How to Overturn a Conviction

By Sameca Pandova
A previous conviction may be vacated upon motion.
Jupiterimages/ Images

In very limited circumstances, a court will entertain a motion to overturn a conviction, called a motion to vacate or motion to set aside conviction. Typically these are only granted where there has been an error of law at the previous trial, the discovery of new exonerating evidence or the discovery of misconduct by the state. States also may allow you to file a motion to vacate an old case if you have maintained a crime-free history for a significant period of time. In these cases, you must file a petition in court and participate in a hearing on the motion.

Draft a motion to vacate. Obtain a blank copy of the motion from the clerk of court's office in the applicable courthouse or online from the court system website in many jurisdictions. The motion will have slightly different names depending on the jurisdiction where you are filing. Enter the caption of your criminal case into the header of the motion. While motion forms vary, you will generally need to input the original case's procedural history -- where it was heard, by whom and the outcome. Enter the grounds for your request and the information you believe provides adequate grounds for the petition. Attach to the petition a transcript of the trial, which you can order from the court reporter's office. Be factual and concise, as any false statements in the petition constitute perjury.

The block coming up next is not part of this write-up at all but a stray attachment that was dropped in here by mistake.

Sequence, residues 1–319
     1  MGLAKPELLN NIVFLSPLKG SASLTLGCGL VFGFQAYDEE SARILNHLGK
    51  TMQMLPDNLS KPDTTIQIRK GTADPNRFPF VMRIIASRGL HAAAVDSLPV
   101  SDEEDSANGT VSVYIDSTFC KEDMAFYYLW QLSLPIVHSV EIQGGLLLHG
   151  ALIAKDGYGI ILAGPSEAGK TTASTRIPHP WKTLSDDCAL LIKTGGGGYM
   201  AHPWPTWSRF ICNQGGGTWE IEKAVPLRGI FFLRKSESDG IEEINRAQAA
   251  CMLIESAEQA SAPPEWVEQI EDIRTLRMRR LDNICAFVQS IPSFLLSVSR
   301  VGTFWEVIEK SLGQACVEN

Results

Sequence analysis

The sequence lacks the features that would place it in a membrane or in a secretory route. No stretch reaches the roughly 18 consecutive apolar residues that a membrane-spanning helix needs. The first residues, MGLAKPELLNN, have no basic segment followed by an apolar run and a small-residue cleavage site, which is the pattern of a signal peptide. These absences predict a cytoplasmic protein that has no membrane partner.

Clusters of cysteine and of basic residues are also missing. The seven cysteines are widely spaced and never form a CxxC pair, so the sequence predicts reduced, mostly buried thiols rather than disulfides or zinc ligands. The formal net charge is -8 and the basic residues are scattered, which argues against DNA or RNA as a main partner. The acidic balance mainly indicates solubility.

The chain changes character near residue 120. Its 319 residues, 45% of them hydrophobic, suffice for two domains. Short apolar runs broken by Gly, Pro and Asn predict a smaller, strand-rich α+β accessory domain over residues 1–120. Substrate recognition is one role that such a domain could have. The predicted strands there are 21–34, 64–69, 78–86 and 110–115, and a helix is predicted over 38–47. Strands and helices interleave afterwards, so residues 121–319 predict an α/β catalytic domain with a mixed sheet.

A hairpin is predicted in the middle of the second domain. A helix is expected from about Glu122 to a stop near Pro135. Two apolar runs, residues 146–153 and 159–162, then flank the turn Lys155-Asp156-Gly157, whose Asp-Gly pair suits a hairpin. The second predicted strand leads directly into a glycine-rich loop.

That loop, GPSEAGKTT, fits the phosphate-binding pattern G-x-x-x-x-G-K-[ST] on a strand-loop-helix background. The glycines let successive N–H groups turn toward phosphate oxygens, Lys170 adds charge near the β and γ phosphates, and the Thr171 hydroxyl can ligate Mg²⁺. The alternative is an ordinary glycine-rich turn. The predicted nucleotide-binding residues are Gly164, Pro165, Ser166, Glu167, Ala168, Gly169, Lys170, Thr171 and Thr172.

File your motion with the county clerk's office where the court filed the conviction. There is typically no filing fee for a motion of this nature. You generally have a choice to request a hearing on the motion or allow the court to review and rule on the motion without the need for a hearing on the matter. Serve your motion to the prosecutor's office to provide them notice and time to prepare.

Appear at a hearing on your petition, if you requested a hearing, or await the court's determination if you have not requested a hearing. If you appear at the hearing on your petition, present your arguments to the court. The state will be present and allowed to contest your claims. If the court finds in your favor, it will, depending upon the jurisdiction, vacate the previous sentence or conviction, which will remove that conviction from your criminal record.

About the Author

Based near Chicago, Sameca Pandova has been writing since 1995 and now contributes to various websites. He is an attorney with experience in health care, family and criminal prosecution issues. Pandova holds a Master of Laws in health law from Loyola University Chicago, a Juris Doctor from Case Western Reserve University and a Bachelor of Arts in history and political science from Case Western.